J.J. Abrams’ sequel to the 2009 Star Trek reboot fell flat. Into Darkness’ story was ridiculous; never before has a film taken the phrase “Man the torpedoes” literally. The movie also wasted Trek’s best villain, inexplicably transmogrifying Khan from a sly, brown-skinned Indian to a mopey, pale-faced Brit. Finally, a jarring bra-and-panties scene felt like a cynical attempt to make the film’s trailer appeal to over-hormonal teenagers.
All that considered, there’s no easy fix for Star Trek: Into Darkness’s many flaws. But I would argue that a single, key change would have proven that the filmmakers at least took Trek seriously: Kirk should have stayed dead.
In the film’s climax, Captain Kirk climbs into a lethally radioactive chamber, fixes some key machinery, and saves the U.S.S. Enterprise from certain doom. The scene echoes a similar moment in Star Trek II, in which Spock sacrifices himself on the crew’s behalf. This time, it’s Kirk who succumbs to radiation poisoning. He dies with Spock by his side—the ultimate end to their space bromance.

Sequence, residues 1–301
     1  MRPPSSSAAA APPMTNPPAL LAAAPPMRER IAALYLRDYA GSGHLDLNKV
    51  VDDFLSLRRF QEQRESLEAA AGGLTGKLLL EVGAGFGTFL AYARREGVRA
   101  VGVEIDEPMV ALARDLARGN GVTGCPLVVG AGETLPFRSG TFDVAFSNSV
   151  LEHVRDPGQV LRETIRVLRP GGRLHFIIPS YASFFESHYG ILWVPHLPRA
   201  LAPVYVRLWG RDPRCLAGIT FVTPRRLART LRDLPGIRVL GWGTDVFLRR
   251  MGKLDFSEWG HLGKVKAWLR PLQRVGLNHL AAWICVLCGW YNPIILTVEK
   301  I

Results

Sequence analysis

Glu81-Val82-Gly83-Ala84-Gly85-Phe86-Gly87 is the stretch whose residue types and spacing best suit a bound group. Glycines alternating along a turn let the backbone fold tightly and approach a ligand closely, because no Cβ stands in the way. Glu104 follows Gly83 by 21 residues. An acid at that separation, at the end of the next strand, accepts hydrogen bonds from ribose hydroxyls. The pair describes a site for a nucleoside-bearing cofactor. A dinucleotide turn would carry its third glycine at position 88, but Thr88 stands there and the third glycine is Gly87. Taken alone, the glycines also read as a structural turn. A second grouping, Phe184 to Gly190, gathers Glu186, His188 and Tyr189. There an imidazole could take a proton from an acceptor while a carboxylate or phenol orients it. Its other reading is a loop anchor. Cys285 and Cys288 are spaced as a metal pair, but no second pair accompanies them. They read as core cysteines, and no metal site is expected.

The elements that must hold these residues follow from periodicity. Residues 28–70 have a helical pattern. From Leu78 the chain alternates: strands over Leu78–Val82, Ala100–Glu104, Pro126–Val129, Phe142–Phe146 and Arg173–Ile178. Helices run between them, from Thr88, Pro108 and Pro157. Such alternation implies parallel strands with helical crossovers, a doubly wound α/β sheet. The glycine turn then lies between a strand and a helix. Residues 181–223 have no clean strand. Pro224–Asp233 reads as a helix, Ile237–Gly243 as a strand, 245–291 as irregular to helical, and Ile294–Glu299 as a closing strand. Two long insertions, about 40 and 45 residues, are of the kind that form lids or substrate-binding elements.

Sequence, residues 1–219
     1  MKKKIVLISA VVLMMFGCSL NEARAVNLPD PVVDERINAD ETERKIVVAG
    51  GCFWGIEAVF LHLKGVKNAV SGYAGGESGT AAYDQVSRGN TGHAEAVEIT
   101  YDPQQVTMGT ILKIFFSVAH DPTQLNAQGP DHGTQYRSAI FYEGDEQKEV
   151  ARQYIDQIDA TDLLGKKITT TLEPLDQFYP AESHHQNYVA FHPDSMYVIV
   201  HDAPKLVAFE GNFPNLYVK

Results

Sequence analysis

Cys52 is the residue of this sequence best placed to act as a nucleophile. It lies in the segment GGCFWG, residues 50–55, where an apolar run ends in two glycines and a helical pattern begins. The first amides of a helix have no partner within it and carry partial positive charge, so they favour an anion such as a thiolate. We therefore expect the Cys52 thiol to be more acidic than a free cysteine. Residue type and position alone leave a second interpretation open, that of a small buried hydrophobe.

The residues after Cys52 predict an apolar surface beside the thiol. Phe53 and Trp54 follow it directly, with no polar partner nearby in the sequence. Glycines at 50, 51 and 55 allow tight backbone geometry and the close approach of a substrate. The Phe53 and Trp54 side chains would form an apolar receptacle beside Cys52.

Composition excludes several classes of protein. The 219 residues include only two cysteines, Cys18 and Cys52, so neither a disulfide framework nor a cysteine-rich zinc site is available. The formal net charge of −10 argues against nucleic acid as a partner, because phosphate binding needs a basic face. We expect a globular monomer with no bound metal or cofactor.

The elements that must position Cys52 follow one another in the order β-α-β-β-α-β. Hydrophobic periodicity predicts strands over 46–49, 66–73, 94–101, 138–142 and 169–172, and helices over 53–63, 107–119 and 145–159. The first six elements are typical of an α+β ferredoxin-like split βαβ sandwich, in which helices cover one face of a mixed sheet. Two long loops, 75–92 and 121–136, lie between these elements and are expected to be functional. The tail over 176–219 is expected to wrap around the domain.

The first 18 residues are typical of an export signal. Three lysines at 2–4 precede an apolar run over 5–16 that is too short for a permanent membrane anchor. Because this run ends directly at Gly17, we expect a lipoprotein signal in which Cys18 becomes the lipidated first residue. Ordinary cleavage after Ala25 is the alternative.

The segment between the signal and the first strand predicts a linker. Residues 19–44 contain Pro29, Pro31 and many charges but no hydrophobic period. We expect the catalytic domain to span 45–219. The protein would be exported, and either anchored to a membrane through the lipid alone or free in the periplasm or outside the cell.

Or… not. Just in time, Dr. McCoy discovers that Khan’s blood can (magically!) raise the dead. A quick blood transfusion, and Kirk is resurrected!
Faux-killing Kirk leverages fans’ Wrath of Khan nostalgia without actually risking the franchise’s future. And, as with Spock’s death, it was a mistake.
Imagine an Into Darkness that definitively kills Kirk—the franchise’s iconic character. The reboot could then veer into uncharted territory; as the Enterprise visited its “strange new worlds,” the audience could also enjoy a new Trek universe, free of Shatner/Nimoy baggage. What happens to Spock after Kirk’s death? Does grief overwhelm his Vulcan commitment to cold logic? Or does he banish emotion altogether to avoid the pain? Even re-hashed plot lines from the original series could prove interesting; what happens without Kirk in the captain’s chair.
Alas, as with Spock’s return in Star Trek III, Kirk’s resurrection siphons dramatic tension from the rebooted franchise. The creators apparently lack the guts (or the authority) to take big risks or make big bets.
Even worse, they’ve invented Khan’s Magic Blood—a silly plot device that can rejuvenate any key character who inconveniently croaks.